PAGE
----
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Balanced Trees

Balanced Trees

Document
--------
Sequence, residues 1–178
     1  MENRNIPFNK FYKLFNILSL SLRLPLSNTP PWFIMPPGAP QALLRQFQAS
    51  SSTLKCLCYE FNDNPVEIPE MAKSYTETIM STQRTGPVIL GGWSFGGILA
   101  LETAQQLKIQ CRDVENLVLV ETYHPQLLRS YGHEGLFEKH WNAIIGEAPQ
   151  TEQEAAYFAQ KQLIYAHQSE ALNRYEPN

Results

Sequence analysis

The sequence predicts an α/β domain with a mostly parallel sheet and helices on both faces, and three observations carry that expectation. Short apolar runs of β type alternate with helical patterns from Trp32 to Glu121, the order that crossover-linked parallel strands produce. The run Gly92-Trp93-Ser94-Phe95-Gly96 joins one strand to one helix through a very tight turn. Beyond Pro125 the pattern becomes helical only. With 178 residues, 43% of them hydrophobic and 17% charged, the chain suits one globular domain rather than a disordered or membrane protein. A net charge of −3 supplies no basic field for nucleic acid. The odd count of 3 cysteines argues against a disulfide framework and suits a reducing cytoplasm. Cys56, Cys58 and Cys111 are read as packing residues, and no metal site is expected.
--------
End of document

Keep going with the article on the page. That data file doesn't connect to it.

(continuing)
ECE 250 Algorithms and Data Structures Balanced Trees Douglas Wilhelm Harder, M.Math. LEL Department of Electrical and Computer Engineering University of Waterloo Waterloo, Ontario, Canada © 20062013 by Douglas Wilhelm Harder. Some rights reserved.Balanced trees 2 Outline In this topic, we will: – Introduce the idea of balance – We will introduce a few examplesBalanced trees 3 Background Run times depend on the height of the trees As was noted in the previous section: – The best case height is Q(ln(n)) – The worst case height is Q(n) The average height of a randomly generated binary search tree is actually Q(ln(n)) – However, following random insertions and erases, the average height  tends to increase to Q nBalanced trees 4 4.9.1 Requirement for Balance We want to ensure that the run times never fall into w(ln(n)) Requirement: – We must maintain a height which is Q(ln(n)) To do this, we will define an idea of balanceBalanced trees 5 4.9.1 Examples For a perfect tree, all nodes have the same number of descendants on each side Perfect binary trees are balanced while linked lists are notBalanced trees 6 4.9.1 Examples This binary tree would also probably not be considered to be “balanced” at the root nodeBalanced trees 7 4.9.1 Examples How about this example – The root seems balanced, but what about the left subtreeBalanced trees 8 4.9.1 Definition for Balance We must develop a quantitative definition of balance which can be applied Balanced may be defined by: – Height balancing: comparing the heights of the two sub trees – Nullpathlength balancing: comparing the nullpathlength of each of the two subtrees (the length to the closest null subtree/empty node) – Weight balancing: comparing the number of null subtrees in each of the two sub trees We will have to mathematically prove that if a tree satisfies the definition of balance, its height is Q(ln(n))Balanced trees 9 4.9.2 Definition for Balance We will see one definition of height balancing: – AVL trees We will also look at B+trees – Balanced trees, but not binary treesBalanced trees 10 RedBlack Trees Redblack trees maintain balance by – All nodes are colored red or black (0 or 1) Requirements: – The root must be black – All children of a red node must be black – Any path from the root to an empty node must have the same number of black nodesBalanced trees 11 RedBlack Trees Redblack trees are nullpathlength balanced in that the nullpath length going through one subtree must not be greater than twice the nullpath length going through the other – A perfect tree of height h has a nullpath length of h + 1 – Any other tree of height h must have a nullpathlength less than h + 1Balanced trees 12 WeightBalanced Trees Recall: an empty node/null subtree is any position within a binary tree that could be filled with the next insertion: – This tree has 9 nodes and 10 empty nodes:Balanced trees 13 WeightBalanced Trees The ratios of the empty nodes at the root node are 5/10 and 5/10Balanced trees 14 WeightBalanced Trees The ratios of the empty nodes at this node are 2/5 and 3/5Balanced trees 15 WeightBalanced Trees The ratios of the empty nodes at this node, however, are 4/5 and 1/5Balanced trees 16 WeightBalanced Trees BB(a) trees (0 a ≤ 1/3) maintain weight balance requiring that neither side has less than a a proportion of the empty nodes, i.e., both proportions fall in a, 1 –a – With one node, both are 0.5 – With two, the proportions are 1/3 and 2/3 Balanced trees 17 WeightBalanced Trees If a is bounded by 12 0.25a1 0.2929 42 then it will be possible to perform all operations in Q(ln(n)) time – If a is smaller than 0.25 (larger range) the height of the tree may be w(ln(n)) 2 1 – If a is greater than , the operations required to maintain balance 2 may be w(ln(n))Balanced trees 18 Summary In this talk, we introduced the idea of balance – We require O(ln(n)) run times – Balance will ensure the height is Q(ln(n)) There are numerous definitions: – AVL trees use height balancing – Redblack trees use nullpathlength balancing – BB(a) trees use weight balancingBalanced trees 19 References Blieberger, J., Discrete Loops and Worst Case Performance, Computer Languages, Vol. 20, No. 3, pp.193212, 1994. Balanced trees 20 Usage Notes • These slides are made publicly available on the web for anyone to use • If you choose to use them, or a part thereof, for a course at another institution, I ask only three things: – that you inform me that you are using the slides, – that you acknowledge my work, and – that you alert me of any mistakes which I made or changes which you make, and allow me the option of incorporating such changes (with an acknowledgment) in my set of slides Sincerely, Douglas Wilhelm Harder, MMath
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